Warning: This post has serious spoilers for the Agents of S.H.I.E.L.D. season three finale which aired last night. If you haven’t seen the final episode yet, you shouldn’t proceed any further.
Agents of S.H.I.E.L.D. has teased us for months that a member of the team wasn’t going to survive. With two flashes forward, we knew that a body in a S.H.I.E.L.D. uniform would be floating in a Quinjet in space along with Yo-Yo’s cross necklace. With Daisy Johnson (Chloe Bennett) seeing the second flash-forward with the audience, the members of S.H.I.E.L.D. were also aware that a death was coming for whoever held the necklace. After all of the teasing and speculation, Lincoln Campbell (Luke Mitchell) turned out to be the agent that sacrificed himself to save humanity at the end of the season.
Mitchell’s character joined Agents of S.H.I.E.L.D. in season two, and as a fellow Inhuman, helped Daisy become more comfortable with her powers. He spoke with Entertainment Weekly about his character being the “Fallen Agent.” Of course, the cast didn’t know who was going to die until they received the script for the final episode, but still, Mitchell had a feeling that his character might be the one to go.
When they had initially revealed that someone is going to die, I was like, “That’s a really cool twist.” Part of me was like, “But it’ll probably end up being [someone random].” Then I was like, “Actually, no, maybe it is going to be something big.” That would be a really cool season-ending thing if it was one of the main cast, because that hasn’t really happened. Ward kind of died, but Brett stayed on the show, therefore you’re not losing an actor. Then I was like, “Well, they’re not going to kill off any of the originals. That’s the show. That’s what the core of the show is.”
Then I started thinking about the peripherals around the core members, which I consider myself to be one of the peripheral characters because I came in late in the game. I was like, “Well, they’re not going to kill Yo-Yo because that would be too obvious because it’s her necklace. She’s awesome and she’s a comic book character who they’ve just introduced and barely used.” Then I was like, “Joey, would they kill Joey off? He’s not a comic book character. No, he’s Latino and he’s gay, they better not kill him off.” Then all of a sudden I’m like, “I think it could be me, straight white guy.”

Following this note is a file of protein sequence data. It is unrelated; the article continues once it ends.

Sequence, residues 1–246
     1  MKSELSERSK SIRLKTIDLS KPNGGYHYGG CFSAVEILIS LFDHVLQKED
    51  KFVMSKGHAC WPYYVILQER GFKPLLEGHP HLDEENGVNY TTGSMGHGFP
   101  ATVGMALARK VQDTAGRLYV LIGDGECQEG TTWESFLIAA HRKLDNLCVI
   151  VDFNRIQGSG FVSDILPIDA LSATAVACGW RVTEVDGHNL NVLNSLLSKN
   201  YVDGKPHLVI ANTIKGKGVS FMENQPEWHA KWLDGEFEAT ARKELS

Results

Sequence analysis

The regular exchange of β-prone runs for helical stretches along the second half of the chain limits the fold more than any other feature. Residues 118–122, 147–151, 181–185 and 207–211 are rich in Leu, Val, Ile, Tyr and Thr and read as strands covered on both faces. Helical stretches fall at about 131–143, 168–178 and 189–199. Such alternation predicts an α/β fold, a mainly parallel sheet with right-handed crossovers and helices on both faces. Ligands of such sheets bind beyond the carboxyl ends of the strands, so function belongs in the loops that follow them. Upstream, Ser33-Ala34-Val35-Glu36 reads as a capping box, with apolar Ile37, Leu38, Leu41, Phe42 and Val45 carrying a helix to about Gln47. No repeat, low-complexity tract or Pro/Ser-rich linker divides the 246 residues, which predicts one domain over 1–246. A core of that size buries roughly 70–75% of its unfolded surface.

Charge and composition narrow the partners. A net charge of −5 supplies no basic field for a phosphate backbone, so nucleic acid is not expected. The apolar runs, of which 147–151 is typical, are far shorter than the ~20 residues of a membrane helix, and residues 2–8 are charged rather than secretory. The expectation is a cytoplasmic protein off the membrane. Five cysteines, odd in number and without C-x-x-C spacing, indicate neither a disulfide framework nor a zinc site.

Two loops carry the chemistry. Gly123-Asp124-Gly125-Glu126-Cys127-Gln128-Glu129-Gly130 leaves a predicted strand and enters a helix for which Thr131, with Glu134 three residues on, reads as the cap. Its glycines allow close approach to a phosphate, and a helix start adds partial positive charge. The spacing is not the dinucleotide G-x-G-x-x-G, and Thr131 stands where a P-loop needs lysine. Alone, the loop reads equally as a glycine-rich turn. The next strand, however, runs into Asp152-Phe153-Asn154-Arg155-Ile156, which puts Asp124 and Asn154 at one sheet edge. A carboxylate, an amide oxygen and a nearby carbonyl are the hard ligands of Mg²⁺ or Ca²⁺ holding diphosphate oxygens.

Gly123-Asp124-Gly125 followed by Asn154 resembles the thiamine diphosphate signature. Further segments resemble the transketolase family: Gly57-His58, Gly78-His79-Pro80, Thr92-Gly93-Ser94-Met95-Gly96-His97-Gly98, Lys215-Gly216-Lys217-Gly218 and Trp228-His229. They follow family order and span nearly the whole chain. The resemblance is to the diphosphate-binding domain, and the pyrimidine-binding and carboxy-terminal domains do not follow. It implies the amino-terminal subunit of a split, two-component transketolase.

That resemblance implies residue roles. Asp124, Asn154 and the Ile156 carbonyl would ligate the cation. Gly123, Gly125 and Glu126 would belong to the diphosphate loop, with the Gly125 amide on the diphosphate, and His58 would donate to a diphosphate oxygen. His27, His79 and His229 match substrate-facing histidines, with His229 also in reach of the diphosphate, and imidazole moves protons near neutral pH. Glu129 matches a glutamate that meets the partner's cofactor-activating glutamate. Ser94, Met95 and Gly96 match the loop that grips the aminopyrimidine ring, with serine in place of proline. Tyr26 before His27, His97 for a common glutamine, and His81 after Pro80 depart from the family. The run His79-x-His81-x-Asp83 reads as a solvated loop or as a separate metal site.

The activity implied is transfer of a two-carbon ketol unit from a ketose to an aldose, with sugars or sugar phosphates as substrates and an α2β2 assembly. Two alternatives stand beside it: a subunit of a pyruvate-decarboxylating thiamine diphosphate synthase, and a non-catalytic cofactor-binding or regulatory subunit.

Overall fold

It was a really funny thing. Early on, before I knew knew, I started to get a feeling that it could be me. To be perfectly honest, all things considered, I think it’s the right choice. Dramatically, it’s really interesting. I take my hat off to them for killing the straight white guy. There’s been so much talk about killing off gay characters or killing off minority characters. We have such diversity on our show, which is terrific. When it was me, I was like, “touché.” Obviously I’m very sad to be saying goodbye, but I think it’s good for the story.
Lincoln definitely went out on a high note, using his powers to take over the Quinjet, allowing Hive’s particles to be dispersed into space, rather than across Europe to create more of his Primitive Inhumans. In the process, we also saw the last of Hive (Brett Dalton), as he was destroyed in the Quinjet, as well. Do the circumstances of his character’s death ease Mitchell’s pain over leaving the show?
Sure. If you’re going to die, I couldn’t have written a better ending for the character. Yeah, there’s a little bit of, “Cool. Save the girl. Save the world. Great.” Knowing what Daisy has seen [in the prophecy], then going, well, “It’s me or her, and I’m not having it be her.” He doesn’t want to be in that position. He’s not suicidal. He’s f—ing scared, even after the events take place and he’s in the quinjet with Hive. He’s terrified, but he knows he’s made the right decision, because if Daisy had sacrificed herself, I’m not sure he’d be able to live with himself.
But, yeah, still sad. As an actor, when you step into a character’s shoes, you really live and breathe this character, and you try to flesh it out as much as you can with the writing that you’ve been given and the limited information about future episodes. You start to see all the possibilities. You start seeing this just grow and build, so from that point of view, I was initially sad, because I was like, “There was more to mine with the character.” I would’ve had fun continuing this journey going into the next season. But now taking a step back, in hindsight, it’s absolutely the right choice.
When it comes down to it, Mitchell poses some great points as to why his character was the right one to kill off. Given how prime-time shows have been axing female leads over recent months – as well as LBGTQ characters – killing off Lincoln was the only real option without causing an uproar. After all, killing Coulson would have been a copout with him having already returned from the dead once before, and with FitzSimmons finally having found some peace, killing off Fitz would have caused anger from fans of FitzSimmons – especially after he nearly died in the season one finale. So, while it was unfortunate to see Lincoln die, it was ultimately the right choice. That entire scene served as a nice end-cap to a tense third season, and it helped push Daisy’s story in another direction, as evident by the final minutes of the episode, for the upcoming fourth season.
How do you feel about Lincoln’s sacrifice, making himself the Fallen Agent? Let us know in the comments!
Agents of S.H.I.E.L.D. will return for its fourth season this fall.
Source: Entertainment Weekly